Science, technology, engineering, art, and math. These five disciplines have become integral to 21st-century skills and careers. But how can we ensure that STEAM programming benefits students who have the least access to relevant, high-quality learning opportunities—like rural learners, girls, and students of color?
And how can we recognize the shared challenge of all marginalized students, while also accommodating the unique and even overlapping experiences of each?
We recently chatted with a school administrator and out-of-school-time provider on how they’re enhancing STEAM education in their respective spaces and creating more rigorous, inclusive, and affirming STEAM learning for students.
Students take part in Grove City Area’s Engineering is Elementary program.
Joshua Weaver, Assistant Superintendent of Grove City Area School District
Q: Why is STEAM education so important, specifically for learners in rural areas?
A: In more urban or affluent areas, opportunities in STEAM are generally more readily accessible. When you’re in more of a rural setting, you have to work to create those opportunities for students. A big passion of mine has always been to help students become more thoughtful and solve real-world problems. At Grove City Area, we focus on resiliency to teach students how to work through failure without feeling defeated. Creating that in any environment is important, but especially with our rural learners.
Q: How does Grove City Area School District’s STEAM curriculum serve all students, especially female learners who often feel marginalized in many of these areas of study?
A: For K-5, we’ve adopted Engineering is Elementary. I’ve seen students of all backgrounds thrive with the hands-on nature of the program, learning to work both independently and collaboratively. Once in middle school, our students participate in Inventionland. When we first became involved three years ago, our team of female students won the regional middle school competition. That opportunity really opened the doors for those girls, showing them that they could become entrepreneurs. Our teams have won the competition every year since. Lastly, our high school has partnered with Grove City College to bring engineering opportunities to our tech-ed classes. We’re actively working to combat the stereotype that engineering and technical design are male-dominated industries.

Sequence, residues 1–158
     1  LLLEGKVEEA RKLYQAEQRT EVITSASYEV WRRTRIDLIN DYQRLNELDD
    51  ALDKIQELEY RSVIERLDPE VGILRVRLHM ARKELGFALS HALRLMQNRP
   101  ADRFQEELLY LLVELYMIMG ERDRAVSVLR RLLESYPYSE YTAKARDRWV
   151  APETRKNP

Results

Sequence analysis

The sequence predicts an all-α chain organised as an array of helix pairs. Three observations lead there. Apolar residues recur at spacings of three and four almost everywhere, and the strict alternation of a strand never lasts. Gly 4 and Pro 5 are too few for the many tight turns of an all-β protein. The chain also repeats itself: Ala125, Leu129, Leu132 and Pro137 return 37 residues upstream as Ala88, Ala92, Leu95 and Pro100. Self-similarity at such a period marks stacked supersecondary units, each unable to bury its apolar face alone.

Q: How can other schools and programs integrate more holistic experiences in STEAM?
A: Networking is key. There are a lot of schools in western Pennsylvania doing some really amazing things. There isn’t one textbook or course that will check every box for your students, so I advise fellow educators to pick up the phone and find out what other institutions are doing, what works for their students, and what doesn’t. We at Grove City Area invite members of the Remake Learning network to collaborate and tour our facilities. There’s so much to learn from each other.
Students learn African drumming at Aliquippa Impact.
Christyn Gilliam, After School Program Coordinator at Aliquippa Impact
Q: What types of STEAM experiences does Aliquippa Impact offer for students?
A: Our students are exposed to a variety of STEAM opportunities. Through summer camp, students build Legos to show what kind of world they want to live in and engage in art therapy with a local artist. Our after-school program has also drummed along to African beats with a local musician. The kids have fun while learning to express themselves and better represent their lived experiences through art, music, and design. Around 98% of our students are Black, so it’s important for us to show them what they can create to give them a sense of self-identity and self-worth.
Q: What skills are students gaining through these experiences?
A: We have a strong focus on student development, utilizing the Search Institute’s 40 Developmental Assets as a framework for our curriculum and strategies. Our founder Joel Repic often says, “If you place the crown over the child’s head, they’ll grow into it,” and that really guides a lot of what we do. We nurture student abilities that aren’t always catered to. Showing up in a kid’s life leaves a lasting impact. Many of our kids have been disappointed in the past because people stop showing up for them. Ultimately, we teach them to create and express without fear of judgment.
Q: How can out-of-school providers supplement what students are learning in the classroom with STEAM?
A: At Aliquippa Impact, we keep the momentum going from what our kids learn in school. Our programs are purposeful and intentional, yet we are lucky to not have to stick to certain curriculums and often move with the kids in terms of programming. For example, if the students come into the classroom bursting with energy, we’re going to adjust our activity that day to match their excitement. We had a tough fifth and sixth-grade class that loved working with their hands, so we created an activity where students build bridges with spaghetti noodles. We allow them to lead their own experiences, helping to see them through. I think that is my best advice for other OST leaders—to let students play a part in their own learning. We’re also always looking for volunteers or STEAM educators to come on board with us, especially as we look to this upcoming school year!
As Remake Learning wraps up our July celebration of STEAM and Computer Science, we’re honored to highlight these local educators who are working to ensure every student has the opportunity to learn and grow within the STEAM disciplines.